Indonesia's most wanted terrorist killed
Santoso's group responsible for string of lethal attacks on domestic security forces
After a manhunt which lasted several years, Indonesia finally managed to kill its most wanted terrorist.
Santoso, the leader of the Eastern Indonesia Mujahideen and a supporter of the Islamic State in Iraq and Syria (ISIS), was killed in a gunfight with troops in Poso, Central Sulawesi, on Monday night, AFP reported.
Operation Tinombala began in January with the goal of capturing Santoso and his guerillas who have been hiding in the mountainous forests of Poso, the Jakarta Post reported.
The operation involving over 3,500 joint personnel had narrowed the group's location. Santoso's followers are reportedly down to 14 from an initial 45, following arrests and shoot-outs with security personnel.
The extremist, known by several aliases including Abu Wardah, was killed alongside one other militant. Police said the pair were killed beside a river and a rifle was recovered.
Two women, one of whom was suspected to be Santoso's wife, and another man, escaped from the gunfight.
His death is a major victory for the authorities who had pursued him for five years, sending thousands of security forces to hunt for him.
His group carried out a string of deadly attacks on domestic security forces and was known for training militants from around the archipelago. In 2014, he pledged allegiance to ISIS and earlier this year, the US placed him on a list of global terrorists.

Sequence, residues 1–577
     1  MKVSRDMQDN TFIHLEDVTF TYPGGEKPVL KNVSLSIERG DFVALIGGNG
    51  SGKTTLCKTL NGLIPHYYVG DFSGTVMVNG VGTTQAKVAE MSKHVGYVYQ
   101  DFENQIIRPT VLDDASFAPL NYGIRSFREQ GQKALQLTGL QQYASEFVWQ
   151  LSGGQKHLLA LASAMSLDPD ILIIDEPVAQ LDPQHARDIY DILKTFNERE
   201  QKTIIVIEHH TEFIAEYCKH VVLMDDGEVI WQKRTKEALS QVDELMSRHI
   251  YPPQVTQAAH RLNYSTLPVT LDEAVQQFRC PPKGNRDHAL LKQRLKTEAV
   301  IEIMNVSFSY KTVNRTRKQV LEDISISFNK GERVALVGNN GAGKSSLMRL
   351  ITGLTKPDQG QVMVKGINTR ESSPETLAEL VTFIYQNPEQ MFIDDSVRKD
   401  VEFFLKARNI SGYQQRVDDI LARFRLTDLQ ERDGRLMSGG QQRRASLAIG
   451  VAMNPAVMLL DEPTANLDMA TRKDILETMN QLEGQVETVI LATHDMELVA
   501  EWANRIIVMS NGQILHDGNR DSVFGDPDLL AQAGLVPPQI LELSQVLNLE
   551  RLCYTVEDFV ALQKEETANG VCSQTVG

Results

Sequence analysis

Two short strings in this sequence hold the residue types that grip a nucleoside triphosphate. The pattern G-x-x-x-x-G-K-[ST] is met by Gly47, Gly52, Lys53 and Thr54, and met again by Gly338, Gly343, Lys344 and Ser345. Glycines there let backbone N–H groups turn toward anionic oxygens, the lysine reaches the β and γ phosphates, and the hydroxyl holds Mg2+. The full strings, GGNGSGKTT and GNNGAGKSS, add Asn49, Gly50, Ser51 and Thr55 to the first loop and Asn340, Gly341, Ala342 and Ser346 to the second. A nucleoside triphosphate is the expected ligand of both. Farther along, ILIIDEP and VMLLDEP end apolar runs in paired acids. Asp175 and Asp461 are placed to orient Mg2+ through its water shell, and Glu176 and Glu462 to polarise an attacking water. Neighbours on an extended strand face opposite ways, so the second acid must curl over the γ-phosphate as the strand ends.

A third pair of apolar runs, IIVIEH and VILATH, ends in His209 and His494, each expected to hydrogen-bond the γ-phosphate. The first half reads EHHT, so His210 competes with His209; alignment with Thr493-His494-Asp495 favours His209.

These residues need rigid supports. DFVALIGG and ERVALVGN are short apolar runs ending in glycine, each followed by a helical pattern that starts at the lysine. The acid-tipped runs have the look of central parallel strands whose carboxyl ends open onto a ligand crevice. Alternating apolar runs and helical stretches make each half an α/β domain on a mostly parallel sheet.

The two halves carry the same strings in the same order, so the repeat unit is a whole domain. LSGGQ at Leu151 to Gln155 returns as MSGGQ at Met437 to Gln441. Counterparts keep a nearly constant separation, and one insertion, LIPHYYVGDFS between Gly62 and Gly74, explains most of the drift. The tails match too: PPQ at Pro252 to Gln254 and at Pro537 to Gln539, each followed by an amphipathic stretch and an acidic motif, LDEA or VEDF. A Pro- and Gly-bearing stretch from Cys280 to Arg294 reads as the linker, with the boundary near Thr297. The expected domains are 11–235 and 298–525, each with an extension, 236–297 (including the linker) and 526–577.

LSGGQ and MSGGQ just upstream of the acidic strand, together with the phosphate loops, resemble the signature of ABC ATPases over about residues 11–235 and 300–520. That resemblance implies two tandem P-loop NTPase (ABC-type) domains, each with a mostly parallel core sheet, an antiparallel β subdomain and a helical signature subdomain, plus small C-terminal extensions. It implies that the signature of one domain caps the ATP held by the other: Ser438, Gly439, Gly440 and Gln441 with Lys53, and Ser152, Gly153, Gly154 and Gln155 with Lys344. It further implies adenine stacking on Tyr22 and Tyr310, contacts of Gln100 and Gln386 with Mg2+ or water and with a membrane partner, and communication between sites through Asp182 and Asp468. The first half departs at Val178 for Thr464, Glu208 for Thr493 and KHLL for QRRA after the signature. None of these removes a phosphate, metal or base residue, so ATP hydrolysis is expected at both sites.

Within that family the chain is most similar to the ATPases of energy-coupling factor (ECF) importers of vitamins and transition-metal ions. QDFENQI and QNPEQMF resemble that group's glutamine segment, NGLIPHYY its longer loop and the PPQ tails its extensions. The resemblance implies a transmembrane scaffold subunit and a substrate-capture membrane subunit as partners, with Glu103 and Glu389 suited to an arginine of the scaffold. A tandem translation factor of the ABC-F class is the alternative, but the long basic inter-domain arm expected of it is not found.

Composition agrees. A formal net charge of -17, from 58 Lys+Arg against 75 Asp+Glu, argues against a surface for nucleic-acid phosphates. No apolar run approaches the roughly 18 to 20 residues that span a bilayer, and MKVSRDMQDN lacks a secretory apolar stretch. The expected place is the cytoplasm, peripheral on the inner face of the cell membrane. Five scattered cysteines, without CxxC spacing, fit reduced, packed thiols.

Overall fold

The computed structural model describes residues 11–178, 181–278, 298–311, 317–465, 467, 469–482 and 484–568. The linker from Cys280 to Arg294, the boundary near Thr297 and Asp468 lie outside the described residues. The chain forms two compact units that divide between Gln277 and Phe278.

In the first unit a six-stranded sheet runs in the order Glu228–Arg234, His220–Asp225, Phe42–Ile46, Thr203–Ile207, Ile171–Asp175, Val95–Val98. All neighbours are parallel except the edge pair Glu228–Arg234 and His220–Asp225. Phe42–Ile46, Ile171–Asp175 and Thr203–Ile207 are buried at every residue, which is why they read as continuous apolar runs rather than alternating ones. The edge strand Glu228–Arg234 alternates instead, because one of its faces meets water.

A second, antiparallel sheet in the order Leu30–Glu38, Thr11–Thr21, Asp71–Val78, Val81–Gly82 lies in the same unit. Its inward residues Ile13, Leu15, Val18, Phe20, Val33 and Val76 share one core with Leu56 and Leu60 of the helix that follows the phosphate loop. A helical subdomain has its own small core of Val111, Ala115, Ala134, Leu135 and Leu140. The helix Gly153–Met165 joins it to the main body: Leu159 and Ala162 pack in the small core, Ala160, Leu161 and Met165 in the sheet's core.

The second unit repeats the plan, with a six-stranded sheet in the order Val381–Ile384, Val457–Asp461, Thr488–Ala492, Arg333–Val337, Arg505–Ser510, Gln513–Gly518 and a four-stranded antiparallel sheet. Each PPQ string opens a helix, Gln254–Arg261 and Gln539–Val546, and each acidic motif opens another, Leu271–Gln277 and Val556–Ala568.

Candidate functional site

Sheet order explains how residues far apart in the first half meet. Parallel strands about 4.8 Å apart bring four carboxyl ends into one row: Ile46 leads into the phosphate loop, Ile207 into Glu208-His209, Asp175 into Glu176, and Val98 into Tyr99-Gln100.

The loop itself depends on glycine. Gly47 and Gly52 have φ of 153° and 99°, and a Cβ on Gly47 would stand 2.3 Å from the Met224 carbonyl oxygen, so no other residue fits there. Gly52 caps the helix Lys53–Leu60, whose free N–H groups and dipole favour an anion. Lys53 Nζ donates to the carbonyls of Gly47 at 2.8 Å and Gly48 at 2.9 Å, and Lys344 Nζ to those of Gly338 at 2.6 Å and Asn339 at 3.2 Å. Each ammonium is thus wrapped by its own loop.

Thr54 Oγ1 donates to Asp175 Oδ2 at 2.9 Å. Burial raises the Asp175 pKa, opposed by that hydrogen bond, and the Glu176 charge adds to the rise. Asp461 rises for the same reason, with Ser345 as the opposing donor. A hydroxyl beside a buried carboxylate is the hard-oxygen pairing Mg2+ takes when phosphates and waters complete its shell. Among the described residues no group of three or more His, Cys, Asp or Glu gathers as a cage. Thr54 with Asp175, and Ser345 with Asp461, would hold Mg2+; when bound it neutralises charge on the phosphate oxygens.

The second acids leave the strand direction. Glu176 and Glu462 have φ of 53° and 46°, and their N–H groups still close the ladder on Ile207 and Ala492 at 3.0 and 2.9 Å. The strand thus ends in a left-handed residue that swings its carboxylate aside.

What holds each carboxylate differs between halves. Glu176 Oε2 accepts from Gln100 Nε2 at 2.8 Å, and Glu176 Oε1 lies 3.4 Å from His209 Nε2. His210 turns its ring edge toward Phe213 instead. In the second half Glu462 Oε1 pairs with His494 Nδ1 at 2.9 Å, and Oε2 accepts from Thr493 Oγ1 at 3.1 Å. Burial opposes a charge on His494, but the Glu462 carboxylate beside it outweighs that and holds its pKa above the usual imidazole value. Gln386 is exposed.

"The group is obviously weakened now that we got the leader," national police chief Tito Karnavian told reporters, as he confirmed the militant's death.
He said the country's extremists had wanted to transform the Poso district, where Santoso and his followers were based, into a "safe haven" and a regional power base.
"With this group broken, the hope for a base there is gone," he added.
After Indonesia suffered a string of extremist attacks in the early 2000s, including the 2002 Bali bombings which killed more than 200, the authorities launched a crackdown that weakened the most dangerous networks.
But Santoso's group remained a thorn in the side of the government, with the long-haired, gun-toting militant regularly appearing in videos urging extremists to launch attacks.
The picture has changed recently, with other cells now considered a greater threat - Santoso was not believed to have played a role in an ISIS-claimed attack in Jakarta in January that left four attackers and four civilians dead.
Santoso also attracted militants from abroad, with several members of China's mostly Muslim Uighur minority travelling to Indonesia to join his group.
Unfortunately, security experts believe Santoso's death would not undermine support for ISIS in Indonesia, Reuters reported.